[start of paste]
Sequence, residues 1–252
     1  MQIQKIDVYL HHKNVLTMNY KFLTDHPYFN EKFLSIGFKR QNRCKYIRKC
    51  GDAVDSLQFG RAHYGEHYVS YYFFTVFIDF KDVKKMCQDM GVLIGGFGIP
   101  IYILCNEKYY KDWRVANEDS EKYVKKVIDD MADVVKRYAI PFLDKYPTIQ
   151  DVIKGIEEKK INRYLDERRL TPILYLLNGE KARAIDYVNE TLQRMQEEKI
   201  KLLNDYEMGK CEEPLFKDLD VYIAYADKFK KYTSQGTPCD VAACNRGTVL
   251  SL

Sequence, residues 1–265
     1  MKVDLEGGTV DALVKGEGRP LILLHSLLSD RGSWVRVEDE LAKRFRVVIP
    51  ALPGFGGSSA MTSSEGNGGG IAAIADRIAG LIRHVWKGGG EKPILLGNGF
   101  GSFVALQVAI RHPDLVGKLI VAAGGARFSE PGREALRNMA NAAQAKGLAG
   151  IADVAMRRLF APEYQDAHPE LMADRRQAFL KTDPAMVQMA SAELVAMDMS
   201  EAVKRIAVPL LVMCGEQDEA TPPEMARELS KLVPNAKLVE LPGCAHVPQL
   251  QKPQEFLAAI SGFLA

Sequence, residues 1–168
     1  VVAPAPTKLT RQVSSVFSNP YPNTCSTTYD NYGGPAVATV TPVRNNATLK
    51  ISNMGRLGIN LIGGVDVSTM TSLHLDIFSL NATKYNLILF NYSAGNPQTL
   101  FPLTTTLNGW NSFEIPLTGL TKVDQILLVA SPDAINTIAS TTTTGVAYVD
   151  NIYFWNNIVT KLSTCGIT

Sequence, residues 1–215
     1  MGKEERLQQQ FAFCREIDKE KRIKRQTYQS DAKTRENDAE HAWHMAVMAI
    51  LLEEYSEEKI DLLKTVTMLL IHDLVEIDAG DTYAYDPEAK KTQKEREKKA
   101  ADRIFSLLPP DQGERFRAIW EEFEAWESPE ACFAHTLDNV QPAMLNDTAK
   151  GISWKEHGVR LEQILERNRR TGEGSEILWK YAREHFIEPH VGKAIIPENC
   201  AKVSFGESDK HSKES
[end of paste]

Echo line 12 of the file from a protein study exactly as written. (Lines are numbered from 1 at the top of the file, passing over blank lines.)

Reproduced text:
   151  IADVAMRRLF APEYQDAHPE LMADRRQAFL KTDPAMVQMA SAELVAMDMS